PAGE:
VATICAN CITY, Jan 2 (Reuters) – Tens of thousands of people flocked to St Peter’s Basilica on Monday to pay their respects to former Pope Benedict XVI, whose remains were laid to rest ahead of his funeral. this week.
Benedict, a hero of conservative Catholics who longed for a return to a more traditional church and became the first pope in 600 years to step down, died on Saturday at the age of 95 in the secluded Vatican monastery where he had lived since 2013.
“I feel like he’s a grandfather to us,” Veronica Siegel, 16, a Catholic high school student from Baton Rouge, Louisiana, who is in Rome for a religious studies program, told Reuters in St. Peter’s Square after viewing the body. .
She said she had read one of Benedict’s books on Jesus for one of her courses.
“I know he’s in a better place because he was a holy man and led so well,” said her classmate Molly Foley, 16, from Atlanta, Georgia. The third girl in the group wore an American flag on her back.
Security was tight as visitors passed through several checkpoints before entering the basilica. Many stopped to pray after seeing the body or stayed to attend Mass in the side chapels.
The Vatican Police reported that 65,000 people applied on the first day.
Benedict’s body, dressed in red and gold liturgical vestments and placed on a simple bier, was moved in procession from the monastery shortly before dawn through the Vatican Gardens to a place in front of the main altar of Christendom’s largest church.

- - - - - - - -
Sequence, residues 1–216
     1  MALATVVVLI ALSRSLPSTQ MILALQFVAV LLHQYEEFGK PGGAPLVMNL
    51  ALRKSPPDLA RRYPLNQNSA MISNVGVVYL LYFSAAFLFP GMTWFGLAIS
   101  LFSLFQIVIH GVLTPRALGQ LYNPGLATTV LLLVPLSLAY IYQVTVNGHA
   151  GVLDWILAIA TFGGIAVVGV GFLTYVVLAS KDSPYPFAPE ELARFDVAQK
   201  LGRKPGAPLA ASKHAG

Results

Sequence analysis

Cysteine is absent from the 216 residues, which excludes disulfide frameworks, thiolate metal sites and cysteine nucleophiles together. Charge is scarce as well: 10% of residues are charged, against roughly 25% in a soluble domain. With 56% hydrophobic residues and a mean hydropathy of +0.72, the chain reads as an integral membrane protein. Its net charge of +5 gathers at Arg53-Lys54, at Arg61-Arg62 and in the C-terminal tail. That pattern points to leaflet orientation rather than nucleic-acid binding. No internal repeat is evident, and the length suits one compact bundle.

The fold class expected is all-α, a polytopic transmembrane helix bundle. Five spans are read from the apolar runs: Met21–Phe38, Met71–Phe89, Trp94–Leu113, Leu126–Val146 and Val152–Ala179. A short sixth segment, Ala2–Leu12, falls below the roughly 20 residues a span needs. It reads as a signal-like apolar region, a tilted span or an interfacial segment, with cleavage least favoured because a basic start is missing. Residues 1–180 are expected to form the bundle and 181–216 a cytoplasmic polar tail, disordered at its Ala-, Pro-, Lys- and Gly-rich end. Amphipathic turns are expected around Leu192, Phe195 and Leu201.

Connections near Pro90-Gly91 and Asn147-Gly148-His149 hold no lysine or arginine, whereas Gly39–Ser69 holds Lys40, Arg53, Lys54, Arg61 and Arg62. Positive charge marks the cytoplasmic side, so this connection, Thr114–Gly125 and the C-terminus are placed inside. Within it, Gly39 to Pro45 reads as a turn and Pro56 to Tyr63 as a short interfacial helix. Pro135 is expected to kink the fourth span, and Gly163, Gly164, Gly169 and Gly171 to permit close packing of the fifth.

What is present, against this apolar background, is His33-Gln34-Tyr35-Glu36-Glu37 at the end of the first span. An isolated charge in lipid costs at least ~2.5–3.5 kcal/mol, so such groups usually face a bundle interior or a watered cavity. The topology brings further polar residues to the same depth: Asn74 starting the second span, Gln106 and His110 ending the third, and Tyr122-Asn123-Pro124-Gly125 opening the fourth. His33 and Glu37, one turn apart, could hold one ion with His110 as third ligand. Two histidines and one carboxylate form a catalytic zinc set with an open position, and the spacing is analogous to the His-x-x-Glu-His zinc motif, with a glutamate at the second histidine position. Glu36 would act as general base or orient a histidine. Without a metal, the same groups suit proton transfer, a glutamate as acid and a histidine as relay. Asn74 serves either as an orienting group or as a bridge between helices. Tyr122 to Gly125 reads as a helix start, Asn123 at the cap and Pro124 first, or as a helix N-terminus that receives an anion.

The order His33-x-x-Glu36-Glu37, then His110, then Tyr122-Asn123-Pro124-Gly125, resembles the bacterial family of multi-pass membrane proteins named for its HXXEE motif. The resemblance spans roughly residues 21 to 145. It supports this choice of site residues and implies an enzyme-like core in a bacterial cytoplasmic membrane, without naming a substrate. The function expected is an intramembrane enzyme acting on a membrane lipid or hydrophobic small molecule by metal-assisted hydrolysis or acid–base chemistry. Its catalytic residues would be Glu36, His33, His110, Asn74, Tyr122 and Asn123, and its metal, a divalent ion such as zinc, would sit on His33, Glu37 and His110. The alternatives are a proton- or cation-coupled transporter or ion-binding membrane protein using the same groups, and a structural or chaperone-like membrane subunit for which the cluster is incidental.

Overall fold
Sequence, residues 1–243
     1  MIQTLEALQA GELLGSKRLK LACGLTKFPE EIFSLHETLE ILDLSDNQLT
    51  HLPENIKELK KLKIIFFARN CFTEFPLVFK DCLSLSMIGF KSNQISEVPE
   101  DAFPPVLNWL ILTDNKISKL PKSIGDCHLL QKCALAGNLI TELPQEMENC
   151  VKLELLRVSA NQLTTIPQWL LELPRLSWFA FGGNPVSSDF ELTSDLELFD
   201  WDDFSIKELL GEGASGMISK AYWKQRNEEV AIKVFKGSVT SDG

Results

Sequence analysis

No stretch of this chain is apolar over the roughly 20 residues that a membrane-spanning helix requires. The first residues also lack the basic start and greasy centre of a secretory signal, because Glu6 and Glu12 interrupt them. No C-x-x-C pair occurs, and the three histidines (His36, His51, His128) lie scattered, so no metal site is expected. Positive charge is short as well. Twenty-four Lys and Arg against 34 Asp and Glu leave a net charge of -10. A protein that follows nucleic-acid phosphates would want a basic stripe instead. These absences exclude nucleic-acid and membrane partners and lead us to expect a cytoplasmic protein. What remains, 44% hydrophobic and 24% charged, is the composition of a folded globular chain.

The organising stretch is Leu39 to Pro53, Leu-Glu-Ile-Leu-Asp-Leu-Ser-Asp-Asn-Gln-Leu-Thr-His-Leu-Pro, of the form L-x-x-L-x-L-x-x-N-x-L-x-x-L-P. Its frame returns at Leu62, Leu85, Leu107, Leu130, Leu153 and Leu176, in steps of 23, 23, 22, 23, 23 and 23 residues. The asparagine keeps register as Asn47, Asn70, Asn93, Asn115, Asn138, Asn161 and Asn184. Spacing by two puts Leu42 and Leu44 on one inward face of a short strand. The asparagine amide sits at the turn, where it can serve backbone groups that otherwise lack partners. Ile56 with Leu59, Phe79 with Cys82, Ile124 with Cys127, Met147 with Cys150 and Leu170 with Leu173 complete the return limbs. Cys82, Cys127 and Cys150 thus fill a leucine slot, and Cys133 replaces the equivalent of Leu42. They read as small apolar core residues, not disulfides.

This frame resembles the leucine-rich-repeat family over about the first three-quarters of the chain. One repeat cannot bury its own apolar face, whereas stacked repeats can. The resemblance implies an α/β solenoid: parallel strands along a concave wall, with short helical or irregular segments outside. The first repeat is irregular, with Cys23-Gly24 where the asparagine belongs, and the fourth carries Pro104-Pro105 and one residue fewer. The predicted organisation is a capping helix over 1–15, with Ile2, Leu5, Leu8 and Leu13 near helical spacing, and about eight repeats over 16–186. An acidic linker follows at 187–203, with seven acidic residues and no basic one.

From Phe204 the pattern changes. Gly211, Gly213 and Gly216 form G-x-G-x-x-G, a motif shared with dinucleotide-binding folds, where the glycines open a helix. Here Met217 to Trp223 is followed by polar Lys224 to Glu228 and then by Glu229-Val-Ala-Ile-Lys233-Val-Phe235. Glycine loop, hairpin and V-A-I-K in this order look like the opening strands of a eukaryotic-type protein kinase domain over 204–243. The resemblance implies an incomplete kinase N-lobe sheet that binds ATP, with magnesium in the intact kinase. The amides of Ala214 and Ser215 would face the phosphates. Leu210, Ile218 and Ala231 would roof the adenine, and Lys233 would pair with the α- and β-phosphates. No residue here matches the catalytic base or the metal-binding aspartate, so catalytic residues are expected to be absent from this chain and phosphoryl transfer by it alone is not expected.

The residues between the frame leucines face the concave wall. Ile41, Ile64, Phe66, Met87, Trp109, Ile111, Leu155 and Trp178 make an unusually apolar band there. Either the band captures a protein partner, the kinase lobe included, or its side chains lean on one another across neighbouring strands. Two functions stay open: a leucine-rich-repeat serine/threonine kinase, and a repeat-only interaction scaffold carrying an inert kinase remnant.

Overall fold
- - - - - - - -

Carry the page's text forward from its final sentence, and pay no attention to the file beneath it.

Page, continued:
Two Swiss Guards stand out on either side of the body, which has no papal insignia or regalia, such as a crozier, a silver staff with a crucifix, or a pallium worn around the neck by archdiocesan bishops.
Both were present when Pope John Paul lay in his body in 2005.
It is not clear whether the shepherd’s cross or other objects he used will be buried with him, but the decision not to have them on public display seems to have been decided to underline that he was no longer pope when he died.
According to Vatican spokesman Matteo Bruni, Benedict will be buried in the crypts under St. Peter’s Basilica, where he was first buried in 2005 before Pope John Paul II was moved to the basilica’s chapel in 2011, according to his wishes.
Italy’s leaders pay their respects
Before the church was opened to the public, Italian President Sergio Mattarella and Prime Minister Giorgia Meloni were the first foreigners to pay their respects.
Archbishop Georg Ganswein, Benedict’s closest aide, sat in the first pew at the side of the body, joined by the family and physicians who cared for Benedict in his final days.
After a few hours they got up to pray in front of the body. Ganswein stayed to receive condolences from visitors.
“I want to come,” a woman surnamed Sri, visiting from Jakarta, Indonesia, told Reuters. “He was the Pope and I’m a Catholic,” she said, declining to give her last name.
Benedict will lie in state until Wednesday evening. His funeral will be held on Thursday in St. Peter’s Square with Pope Francis presiding. The Vatican said it would be a simple, solemn and quiet ceremony in keeping with Benedict’s wishes.
The Vatican has strict and elaborate rituals for what happens after the death of a reigning pope, but none of that happens for a former pope, so what happens in the next few days could become a model for future former popes.
Bruni said funeral details have not yet been finalized.
Although the number of visitors was high, there was no sign of the large crowds that came to pay their respects to Pope John Paul II as millions waited for hours to enter the basilica.
Reporting by Philip Pullella, Editing by Raju Gopalakrishnan and Nick McPhee
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